Woodstock and music ponderings, youtube links at the end.

Most people like movies, but I’m not much of a fan. I certainly do not watch enough movies to merit my own Netflix account. But my roommate has one, and for a long time I’ve asked him to order the Woodstock movie, the original with the concert footage. About two weeks ago he got it delivered. Somehow he did not want to watch it with me. This is the same dude that can watch 4 movies in a row on a day off. Anyway one day I watched it alone thinking memories of my first viewing of Woodstock with my parents when I was fifteen would flood back to me for nostalgia bliss.  That did not happen, but I might as well blog about this Woodstock and my dad’s record collection while the current viewing is still fresh.

When we moved to Toledo in 1992 my dad made one room an entertainment room and got a big television setup. They still have the same equipment today. Among these purchases my dad got Woodstock on Laserdisc, which was double sided, the size of a record, and obsolete in about a year. It was a summer night and we watched the concert movie together.

What struck me then and I noticed on my current viewing was the quality of the music.  Toward the end Santana’s Soul Sacrifice might be the best music performance ever. The drum beat is trance like, and I could only imagine what that was like watching live.  My dad’s favorite was Sly and the Family Stone’s Take You Higher. On this current viewing I realized those two are one after the next right before the whole thing culminates with Jimi Hendrix.

What I remember about watching this with my dad is that he talked to us throughout the movie. During music you don’t really need to follow the dialogue so people could have conversations during this movie. My parents met in Vietnam which I always found fascinating but they don’t talk about it that much. During Woodstock I remember my dad saying of being very busy as a medical resident, then going to Vietnam, and then when he came back to the states catching up on all of this music.  His record collection shows that he was a fan of music. He also said that he saw Woodstock in the theaters. When The Who played he asked the person in front of him who was playing, and the person said ‘The Who.’ And my dad said Who? And so on. I guess I always found Woodstock interesting because I imagine my dad coming back to the States and hearing all of this music for a first time.  From talking to people of that generation, the concert made an impact on a huge amount of people.

I lived at home until I was about 25 or so, and I played my dad’s records frequently. My favorites of his are Bitches Brew by Miles Daves and Déjà vu by Crosby Stills Nash and Young. Of course I developed my own musical tastes ranging from 80’s music, Brit Pop, Alternative, and hip hop. So like my dad I became a big fan of music, I can’t play or sing it, but I like listening to it.

Watching the Woodstock movie now as an adult I realized that there can not be anything that matches what that was. I’ve had rambling conversations about this topic with my roommate so I hope I’m not plagiarizing his part in those discussions.  I think a major factor was the technology improvement compared to 1959 to 1969. In 1959 they probably could not have amplified sound over such a large space. The electric guitar and other improvements were enhanced greatly. So I think that helped the music explode in a way, because I think strides in everything come in bursts. Secondly, I think the whole generation was concerned with the war, free love, and a new way of living. I think everyone under 30 in 1969 had a connection with each other.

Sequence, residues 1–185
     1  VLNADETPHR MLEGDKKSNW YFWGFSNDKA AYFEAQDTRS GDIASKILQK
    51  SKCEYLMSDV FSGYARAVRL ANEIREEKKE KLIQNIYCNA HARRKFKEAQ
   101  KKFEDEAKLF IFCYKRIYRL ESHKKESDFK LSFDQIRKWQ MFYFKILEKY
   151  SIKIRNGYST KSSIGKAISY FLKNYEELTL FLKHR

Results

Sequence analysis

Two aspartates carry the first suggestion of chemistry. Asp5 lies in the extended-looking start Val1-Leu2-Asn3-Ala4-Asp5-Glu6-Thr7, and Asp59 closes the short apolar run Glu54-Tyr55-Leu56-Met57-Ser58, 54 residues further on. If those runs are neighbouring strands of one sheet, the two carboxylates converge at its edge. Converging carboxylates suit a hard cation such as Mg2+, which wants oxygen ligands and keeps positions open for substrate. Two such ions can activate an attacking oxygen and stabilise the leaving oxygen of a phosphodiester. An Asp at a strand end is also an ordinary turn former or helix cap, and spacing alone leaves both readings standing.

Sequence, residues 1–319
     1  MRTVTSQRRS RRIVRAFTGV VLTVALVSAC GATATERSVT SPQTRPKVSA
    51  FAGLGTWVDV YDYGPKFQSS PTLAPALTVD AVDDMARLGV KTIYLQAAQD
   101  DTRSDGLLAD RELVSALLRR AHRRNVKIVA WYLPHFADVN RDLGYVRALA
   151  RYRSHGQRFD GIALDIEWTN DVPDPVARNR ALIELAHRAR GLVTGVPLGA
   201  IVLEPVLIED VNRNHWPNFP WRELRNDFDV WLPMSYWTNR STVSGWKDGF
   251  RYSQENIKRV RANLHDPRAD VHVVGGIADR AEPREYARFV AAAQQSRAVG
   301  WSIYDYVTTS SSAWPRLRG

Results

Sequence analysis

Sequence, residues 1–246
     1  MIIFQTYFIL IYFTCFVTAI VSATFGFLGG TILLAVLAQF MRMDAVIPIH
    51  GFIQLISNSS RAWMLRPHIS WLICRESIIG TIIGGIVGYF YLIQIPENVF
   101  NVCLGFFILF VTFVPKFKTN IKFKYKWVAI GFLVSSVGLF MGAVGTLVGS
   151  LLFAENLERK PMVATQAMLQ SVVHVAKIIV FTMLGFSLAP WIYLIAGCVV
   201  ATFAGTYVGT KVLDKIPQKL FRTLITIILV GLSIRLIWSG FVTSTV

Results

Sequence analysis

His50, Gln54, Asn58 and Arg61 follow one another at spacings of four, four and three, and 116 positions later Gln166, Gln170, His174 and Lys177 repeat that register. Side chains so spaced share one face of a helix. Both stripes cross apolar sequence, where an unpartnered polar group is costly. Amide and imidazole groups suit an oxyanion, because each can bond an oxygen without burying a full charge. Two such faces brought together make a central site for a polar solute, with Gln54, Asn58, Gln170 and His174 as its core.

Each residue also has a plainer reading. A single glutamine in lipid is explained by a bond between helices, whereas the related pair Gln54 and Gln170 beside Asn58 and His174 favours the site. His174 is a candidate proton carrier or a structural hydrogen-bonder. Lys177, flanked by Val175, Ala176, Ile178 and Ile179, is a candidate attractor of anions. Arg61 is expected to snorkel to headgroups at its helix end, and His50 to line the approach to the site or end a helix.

Today it seems like technology improvements are just like updates. Things are simply improvements of technology that already exists. With music there are about 20 different genres. Everything is recorded so the music consumer has a plethora of choices. For people under thirty some only listen to pop, some only listen to hip hop, or emo, or country. Music technology has improved almost to the point where the variety is a disability in that no music could connect to a whole generation. Also making statements with music seems irrelevant now, it’s all about being catchy and nothing about the meaning. I don’t blame the current generation. The dissecting and diluting of music is a product of the 1980’s.  I think good things can come out of music, but nothing cohesive to try to change the world.

Take you Higher, by Sly and the Family Stone

Santana, Soul Sacrifice

Leave a Reply

Fill in your details below or click an icon to log in:

WordPress.com Logo

You are commenting using your WordPress.com account. Log Out /  Change )

Twitter picture

You are commenting using your Twitter account. Log Out /  Change )

Facebook photo

You are commenting using your Facebook account. Log Out /  Change )

Connecting to %s

%d bloggers like this:
search previous next tag category expand menu location phone mail time cart zoom edit close